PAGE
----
Canada’s Parliamentary Budget Officer estimates the government’s plan to build two new heavy icebreakers could cost up to $7.25 billion.
“We estimate the total cost of the icebreaker project at $7.25 billion, inclusive of project management costs of $346 million, design costs of $820 million, and acquisition costs of $6.1 billion”, Parliamentary Budget Officer Yves Giroux said in a news release on Thursday.
The Liberal government announced its plan to build two new ships back in May under Canada’s National Shipbuilding Strategy.
The first ship is to be built at Seaspan Shipyards in Vancouver, British Columbia in western Canada, while construction of the second ship will be by Davie Shipbuilding in Lévis, Quebec.
The plan for one new icebreaker was first announced by the then Conservative government in 2008 to replace the aging Louis S. St. Laurent vessel and was estimated to cost $720 million.
The most recent government estimate was in 2013 and was put at $1.3 billion.
An update from the Parliamentary Budget Officer on Thursday, said the government had not yet released an updated estimate since.
Long procurement process costing taxpayers billions
But before the federal election this spring, the Liberal government announced it would build two vessels, saying climate change, increased commercial shipping and growing maritime activity in the North warranted the more robust infrastructure investment.
Giroux says the Parliamentary Budget office says it assumes construction of the first ship will begin in the 2023-2024 fiscal year, with construction of the second ship getting underway in 2024-2025, and that delays could further jack up costs.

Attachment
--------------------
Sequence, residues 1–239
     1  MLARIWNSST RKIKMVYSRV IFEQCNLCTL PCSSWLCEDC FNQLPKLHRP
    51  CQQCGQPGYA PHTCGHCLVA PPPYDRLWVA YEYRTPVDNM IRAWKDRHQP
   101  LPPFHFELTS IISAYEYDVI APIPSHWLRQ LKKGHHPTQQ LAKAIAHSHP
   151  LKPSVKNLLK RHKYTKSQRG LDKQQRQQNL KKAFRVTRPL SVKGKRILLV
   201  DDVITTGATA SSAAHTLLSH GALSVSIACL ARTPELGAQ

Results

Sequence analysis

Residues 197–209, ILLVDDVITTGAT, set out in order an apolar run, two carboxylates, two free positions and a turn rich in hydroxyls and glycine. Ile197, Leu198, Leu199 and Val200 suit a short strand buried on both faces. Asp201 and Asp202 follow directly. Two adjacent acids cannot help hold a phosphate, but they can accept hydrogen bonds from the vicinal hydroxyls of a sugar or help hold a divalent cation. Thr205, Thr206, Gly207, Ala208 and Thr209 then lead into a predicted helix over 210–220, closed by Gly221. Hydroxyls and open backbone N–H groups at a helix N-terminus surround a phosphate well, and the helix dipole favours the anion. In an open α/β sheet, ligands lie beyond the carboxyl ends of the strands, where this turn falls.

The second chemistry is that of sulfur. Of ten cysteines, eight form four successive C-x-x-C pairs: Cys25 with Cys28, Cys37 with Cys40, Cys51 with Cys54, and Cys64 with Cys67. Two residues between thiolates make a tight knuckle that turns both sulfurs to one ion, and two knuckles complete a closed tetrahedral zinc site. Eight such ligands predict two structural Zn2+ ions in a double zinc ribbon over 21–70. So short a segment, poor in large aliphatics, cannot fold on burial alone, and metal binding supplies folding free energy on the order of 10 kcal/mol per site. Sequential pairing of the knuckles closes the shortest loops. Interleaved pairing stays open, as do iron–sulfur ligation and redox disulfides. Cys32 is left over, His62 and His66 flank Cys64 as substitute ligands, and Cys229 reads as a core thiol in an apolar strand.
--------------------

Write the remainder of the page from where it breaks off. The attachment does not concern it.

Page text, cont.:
“A sensitivity analysis suggests that delays of either one or two years in the start of the construction for both vessels at each partner shipyard would increase total project costs by $235 million or $472 million, respectively,” Giroux said.
Delivery of the first vessel is expected in in the 2029-2030 fiscal year, with the second vessel expected in 2030-2031.
Canada’s long procurement process has long been criticized as it incurs stratospheric costs to taxpayers. On the icebreaker file, the ongoing delays have already cost Canadians several billion dollars more than the initial $720 million price tag.
Meanwhile, in the same period, Russia continues to bolster it’s icebreaker fleet and non-Arctic countries like China have upped its activity in the Arctic with upgrades to the Xue Long 1 icebreaking research ship, the launch of Xue Long 2 in 2019, and the announcement this month that it would add a third vessel to its fleet.
Related stories from around the North:
Canada: 44 per cent increase in unique ships entering Canada’s Northwest Passage, says report, Eye on the Arctic
China: China to build third icebreaker, The Independent Barents Observer
Denmark/Greenland: New guideline launched for Arctic-specific risk assessment in shipping, Eye on the Arctic
Finland: Finland’s aging icebreaker fleet needs modernization, Yle News
Iceland: Int’l Arctic emergency marine exercise will lead to better response coordination, say participants, Eye on the Arctic
Norway: The Viking Sky incident – A wake-up call for the Arctic cruise industry?, Eye on the Arctic
Russia: More icebreakers coming to aid Russian Arctic ships in need, The Independent Barents Observer
United States: ‘Uber for icebreakers’ idea gains traction in U.S. Senate,